Mars Rover to Enter Giant Crater

After Dust Storms, Mars Rover Set to Enter Giant Crater
NASA's Mars Exploration Rover Opportunity used its navigation camera during the rover's 1,278th Martian day, or sol, (Aug. 28, 2007) to take the images combined into this view. (Image credit: ESA/JPL-Caltech)

LOS ANGELES (AP) -- Two months after surviving a giant dust storm, one of NASA's robotic rovers on Mars began a risky drive Tuesday into a crater blasted open by a meteor eons ago.

Scientists want the rover Opportunity to travel 40 feet down toward a bright band of rocks in the Victoria Crater. They believe the rocks represent the ancient surface of Mars and that studying them could shed clues on the planet's early climate.

On Tuesday morning, engineers sent commands to Opportunity to begin its journey, and the robot signaled a confirmation. It will be several hours before scientists know how well the drive is going, and the trek itself will take several days.

Opportunity's first task will be to "toe dip'' into the crater, a move that involves rolling its six wheels below the rim and immediately back out to gauge its footing.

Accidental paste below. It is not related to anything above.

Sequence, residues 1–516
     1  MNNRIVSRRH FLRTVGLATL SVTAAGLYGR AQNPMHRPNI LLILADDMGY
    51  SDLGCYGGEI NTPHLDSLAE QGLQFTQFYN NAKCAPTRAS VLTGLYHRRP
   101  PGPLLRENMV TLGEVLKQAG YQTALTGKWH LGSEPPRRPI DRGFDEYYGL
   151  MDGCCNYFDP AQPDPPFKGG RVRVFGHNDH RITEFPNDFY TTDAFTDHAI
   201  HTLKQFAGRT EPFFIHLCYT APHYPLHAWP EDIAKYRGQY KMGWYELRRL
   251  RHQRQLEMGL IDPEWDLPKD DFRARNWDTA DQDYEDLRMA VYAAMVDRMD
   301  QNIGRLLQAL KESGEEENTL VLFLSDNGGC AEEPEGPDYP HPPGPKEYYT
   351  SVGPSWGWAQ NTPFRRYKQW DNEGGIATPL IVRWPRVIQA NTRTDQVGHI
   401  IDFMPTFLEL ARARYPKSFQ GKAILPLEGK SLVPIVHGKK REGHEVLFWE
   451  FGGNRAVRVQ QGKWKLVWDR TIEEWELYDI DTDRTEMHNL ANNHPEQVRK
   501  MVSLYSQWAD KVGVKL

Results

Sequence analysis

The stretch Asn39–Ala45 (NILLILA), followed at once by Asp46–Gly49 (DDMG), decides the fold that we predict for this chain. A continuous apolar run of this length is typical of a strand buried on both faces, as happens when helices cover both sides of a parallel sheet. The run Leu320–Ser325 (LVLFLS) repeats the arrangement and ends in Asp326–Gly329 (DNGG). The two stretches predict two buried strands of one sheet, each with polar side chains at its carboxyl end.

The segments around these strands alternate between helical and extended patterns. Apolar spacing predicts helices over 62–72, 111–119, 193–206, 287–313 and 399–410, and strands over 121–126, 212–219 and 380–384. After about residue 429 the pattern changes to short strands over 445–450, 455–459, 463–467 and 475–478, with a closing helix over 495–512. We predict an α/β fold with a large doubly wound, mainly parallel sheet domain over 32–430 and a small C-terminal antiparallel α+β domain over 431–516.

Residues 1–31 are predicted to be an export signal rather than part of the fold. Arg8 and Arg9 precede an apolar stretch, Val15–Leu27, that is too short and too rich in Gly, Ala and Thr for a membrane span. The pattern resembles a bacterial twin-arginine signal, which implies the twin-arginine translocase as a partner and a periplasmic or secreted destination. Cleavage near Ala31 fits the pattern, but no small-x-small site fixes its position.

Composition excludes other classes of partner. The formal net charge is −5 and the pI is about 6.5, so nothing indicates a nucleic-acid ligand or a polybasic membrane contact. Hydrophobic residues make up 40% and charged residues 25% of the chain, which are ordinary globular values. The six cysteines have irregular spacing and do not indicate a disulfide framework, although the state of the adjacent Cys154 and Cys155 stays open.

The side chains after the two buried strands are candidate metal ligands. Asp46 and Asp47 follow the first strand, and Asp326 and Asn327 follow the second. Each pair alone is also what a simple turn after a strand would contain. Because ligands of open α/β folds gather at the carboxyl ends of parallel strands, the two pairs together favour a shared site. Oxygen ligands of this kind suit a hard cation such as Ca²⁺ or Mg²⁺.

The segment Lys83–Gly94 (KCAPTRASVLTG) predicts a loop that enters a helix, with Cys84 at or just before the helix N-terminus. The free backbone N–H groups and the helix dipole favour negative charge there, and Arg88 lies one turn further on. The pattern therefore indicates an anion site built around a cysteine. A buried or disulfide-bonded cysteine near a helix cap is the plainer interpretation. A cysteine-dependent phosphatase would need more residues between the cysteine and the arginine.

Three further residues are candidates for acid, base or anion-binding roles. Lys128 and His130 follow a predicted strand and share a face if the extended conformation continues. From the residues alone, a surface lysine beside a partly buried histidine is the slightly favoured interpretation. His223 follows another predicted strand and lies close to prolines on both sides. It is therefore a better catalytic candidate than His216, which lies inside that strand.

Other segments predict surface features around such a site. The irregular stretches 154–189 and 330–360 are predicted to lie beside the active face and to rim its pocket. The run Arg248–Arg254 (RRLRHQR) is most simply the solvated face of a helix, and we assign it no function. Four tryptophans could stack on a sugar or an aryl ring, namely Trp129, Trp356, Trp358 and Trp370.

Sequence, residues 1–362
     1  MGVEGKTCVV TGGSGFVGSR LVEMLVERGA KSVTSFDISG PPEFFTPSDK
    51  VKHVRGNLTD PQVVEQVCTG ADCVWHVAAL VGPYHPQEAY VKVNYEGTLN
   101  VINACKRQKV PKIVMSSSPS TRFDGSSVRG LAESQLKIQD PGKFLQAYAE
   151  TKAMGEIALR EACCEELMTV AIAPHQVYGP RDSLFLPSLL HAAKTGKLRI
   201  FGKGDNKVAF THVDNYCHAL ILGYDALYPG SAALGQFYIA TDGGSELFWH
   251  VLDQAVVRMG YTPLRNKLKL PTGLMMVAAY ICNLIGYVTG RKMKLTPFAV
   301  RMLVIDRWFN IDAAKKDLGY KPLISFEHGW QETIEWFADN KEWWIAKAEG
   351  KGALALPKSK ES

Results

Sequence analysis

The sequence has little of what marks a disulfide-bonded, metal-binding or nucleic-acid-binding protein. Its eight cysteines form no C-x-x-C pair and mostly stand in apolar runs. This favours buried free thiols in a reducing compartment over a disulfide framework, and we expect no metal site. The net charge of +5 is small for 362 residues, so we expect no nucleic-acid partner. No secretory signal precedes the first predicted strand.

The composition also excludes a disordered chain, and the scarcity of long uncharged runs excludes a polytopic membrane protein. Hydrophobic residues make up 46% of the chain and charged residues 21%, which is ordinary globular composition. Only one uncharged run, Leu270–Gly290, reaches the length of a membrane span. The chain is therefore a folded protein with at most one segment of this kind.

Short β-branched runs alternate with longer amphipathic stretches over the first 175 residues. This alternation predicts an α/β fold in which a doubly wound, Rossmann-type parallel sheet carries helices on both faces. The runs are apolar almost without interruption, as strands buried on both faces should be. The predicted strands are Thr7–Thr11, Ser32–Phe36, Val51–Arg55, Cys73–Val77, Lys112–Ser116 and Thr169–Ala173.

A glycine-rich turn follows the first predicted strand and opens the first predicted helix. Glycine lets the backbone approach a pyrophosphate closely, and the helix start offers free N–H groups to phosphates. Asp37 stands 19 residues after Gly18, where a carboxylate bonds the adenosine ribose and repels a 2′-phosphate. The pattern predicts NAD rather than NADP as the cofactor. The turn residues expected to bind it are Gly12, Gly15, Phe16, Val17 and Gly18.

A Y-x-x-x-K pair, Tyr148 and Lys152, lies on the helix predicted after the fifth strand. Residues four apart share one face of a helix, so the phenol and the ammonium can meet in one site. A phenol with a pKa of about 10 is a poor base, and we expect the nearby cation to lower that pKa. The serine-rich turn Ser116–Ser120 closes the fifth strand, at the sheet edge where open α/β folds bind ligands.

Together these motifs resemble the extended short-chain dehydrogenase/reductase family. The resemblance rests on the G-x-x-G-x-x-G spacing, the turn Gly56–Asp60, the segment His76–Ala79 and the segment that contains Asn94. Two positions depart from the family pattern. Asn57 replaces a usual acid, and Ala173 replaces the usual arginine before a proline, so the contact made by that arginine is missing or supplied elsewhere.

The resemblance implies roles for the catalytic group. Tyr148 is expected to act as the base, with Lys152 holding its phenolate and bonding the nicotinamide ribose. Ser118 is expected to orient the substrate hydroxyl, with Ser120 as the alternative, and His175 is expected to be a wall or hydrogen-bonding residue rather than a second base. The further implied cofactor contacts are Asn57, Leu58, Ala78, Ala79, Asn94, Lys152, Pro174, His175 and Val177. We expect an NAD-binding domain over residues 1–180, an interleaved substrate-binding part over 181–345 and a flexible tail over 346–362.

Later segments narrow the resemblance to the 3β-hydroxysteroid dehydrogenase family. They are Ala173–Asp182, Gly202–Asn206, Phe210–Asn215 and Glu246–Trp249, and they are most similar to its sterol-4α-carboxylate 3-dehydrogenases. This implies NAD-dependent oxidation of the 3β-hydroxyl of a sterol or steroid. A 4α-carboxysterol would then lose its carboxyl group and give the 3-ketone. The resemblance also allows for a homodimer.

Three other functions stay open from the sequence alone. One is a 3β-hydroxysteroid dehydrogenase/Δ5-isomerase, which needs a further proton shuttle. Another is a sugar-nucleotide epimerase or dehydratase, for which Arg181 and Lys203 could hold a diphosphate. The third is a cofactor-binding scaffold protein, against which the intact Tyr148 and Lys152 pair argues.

Over the next few days, engineers will check Opportunity's instruments and command it to scale down the crater.

"We expect to have good driving,'' said John Callas, the rover project manager at NASA's Jet Propulsion Laboratory in Pasadena.

The long-awaited descent into the crater -- measuring a half-mile across and about 200 to 230 feet deep -- had been on hold since July when a series of sun-blotting dust storms raged in the southern hemisphere. At the height of the storm, Opportunity and its twin, Spirit, went into sleep mode to conserve energy. Spirit is exploring another area far from Opportunity.

Opportunity reached the lip of the crater last month and scouted for possible entry points. The route scientists eventually chose calls for a straight drive down at a 15-degree incline toward the exposed layer of bright rocks.

During a July teleconference, NASA managers admitted the latest mission was risky, but decided to proceed anyway because of the science that could be learned.

The aging but hardy rovers have been exploring Mars for 3 1/2 years -- far outlasting their primary, three-month mission.

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